translated by Brett Larner and Mika Tokairin
Running in miserable conditions at the 2010 Tokyo Marathon, Arata Fujiwara came 2nd for the second time in his career. The next day, a badly limping Fujiwara generously met with JRN at a favorite bar of his to talk about the race, training, future, and what went wrong and right. Part one of the post-race interview focused on this year's race. Part two, below, talks about Fujiwara's motivations, his training for Tokyo, and the Japanese corporate running system compared with the situation in Africa, Europe and the United States. Click here for Fujiwara's three-part pre-race interview.
In 2008 Tokyo didn’t have prize money, so this was your first time really running for it. Did it make a difference?
Yeah, when there’s prize money you have more guts. This time, in the last 2 km there was a negotiation between my legs and the prize money. (laughs) I got the ‘go’ sign. Having prize money encourages you to try harder. I don’t know if it’s good to talk about money because it’s not really our culture to talk that way, so if I say something like this people will think I just run for money. But it’s true that under these circumstances, sure, I’ll get extra guts out of the fact that there’s prize money. That one second between me and Atsushi Sato was really big. [2,000, 000 yen] But for me, it’s not so much running for prize money as that the prize money helps.
In the States and Europe you sometimes hear people talk about how for Kenyans and Ethiopians prize money is a strong motivation because they are really coming from zero and with a big win can guarantee their families some stability, while for Americans and Europeans they already have a relatively comfortable life and don’t have the same fundamentally strong motivation. How do you think Japanese runners fit into this?
It’s true that even without prize money we can make a living, and I’m not under an obligation to send money to my parents or anything, so it’s not such a strong motivation. For example, if we go run races in the States like Kenyans who are doing it to get enough money to support their families, for Japanese runners, like Americans and people from other developed countries, we can’t have that same kind of motivation. We’re already living in a reasonably well-off society and we’ve never experienced starvation, so from the beginning it’s not about running for money.
There are a lot of different motivations, incentives and reasons to run. Some people run for fame, some for self-realization, there are many incentives, aren’t there? Prize money is one of them. It’s not like “Choose Money or Fame.” There’s no conflict between them. But at some point your motivation is going to run low. The money is really helpful as a safety net to get you through those times, lessening the difference between the times when your motivation is at a peak and at its lowest. As a human being I’m not always 100% full of motivation. Sometimes my motivation goes down, so when it does this kind of outside incentive factor is a great help. I don’t know if ‘safety net’ is the right word, but it really helps.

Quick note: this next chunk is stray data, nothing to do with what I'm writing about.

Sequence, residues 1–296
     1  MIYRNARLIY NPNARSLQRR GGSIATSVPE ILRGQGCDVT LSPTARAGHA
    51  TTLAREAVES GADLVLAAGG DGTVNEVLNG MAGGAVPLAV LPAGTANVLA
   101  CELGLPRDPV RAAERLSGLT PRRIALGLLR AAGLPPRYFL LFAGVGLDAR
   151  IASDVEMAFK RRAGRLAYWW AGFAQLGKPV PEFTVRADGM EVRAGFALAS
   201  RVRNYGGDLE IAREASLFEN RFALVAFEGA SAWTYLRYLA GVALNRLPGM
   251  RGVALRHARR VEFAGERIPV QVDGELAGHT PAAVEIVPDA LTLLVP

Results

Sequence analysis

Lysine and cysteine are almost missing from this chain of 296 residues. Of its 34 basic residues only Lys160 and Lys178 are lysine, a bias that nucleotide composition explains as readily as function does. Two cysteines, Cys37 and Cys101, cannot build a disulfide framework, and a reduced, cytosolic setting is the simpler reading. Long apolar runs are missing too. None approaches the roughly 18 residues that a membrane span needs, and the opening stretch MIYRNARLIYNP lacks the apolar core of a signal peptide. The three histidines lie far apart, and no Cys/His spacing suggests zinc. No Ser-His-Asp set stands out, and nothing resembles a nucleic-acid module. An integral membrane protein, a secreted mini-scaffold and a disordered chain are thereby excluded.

Having prize money like at Tokyo is something new in Japanese racing. Do you think it’s going to help raise the level of Japanese marathoning?
The prize money has the effect on motivation I was just talking about, and the prize money races also get more attention from the public. Ryo Ishikawa, the teenaged golfer, became the king of prize money last year and he gets lots of attention for it. Maybe it’s not really a good thing, but in the professional baseball world when they renew the contract at the end of the season the media always makes big news out of how much each player gets. It’s always front-page news in the sports papers. I think in that sense the marathon can get more public attention this way. Some people will take it as a good thing and some as a bad thing, but getting attention is basically a good thing. It can only help increase the demand for marathon runners.
At the beginning of November there are the East Japan Jitsugyodan Ekiden and the other regional qualifying ekidens for the New Year Ekiden. Those are a big part of the reason you don’t see many Japanese marathoners in overseas races in the fall.
Yes, one of the reasons I want to run New York is to raise the issue of this problem with the jitsugyodan system.
You didn’t run East Japan last fall, but JR still qualified without you.
Yes, at that point I was feeling really bad so I told them it was impossible for me to run. There’s not really any question of the team not qualifying without one particular runner, but what’s important in that system is that you try hard together and give it your best as a team. Even if the team is certain that they are going to qualify it’s unthinkable that the ace runner wouldn’t run. That’s the team policy.
It’s more of an issue of loyalty towards the company than a publicity issue. The purpose of a team is to unite the workers in supporting their company by cheering for its team. That’s the company strategy, so it’s unacceptable if you take it easy in the race just because it’s easy to qualify. We have to show that we’re working really hard as a team, so individual activity outside of that is not really an acceptable decision for coaches to make. That’s the situation. It’s not just a team policy but also a company policy. Because we’re told to follow this policy it’s difficult to ask them to change it.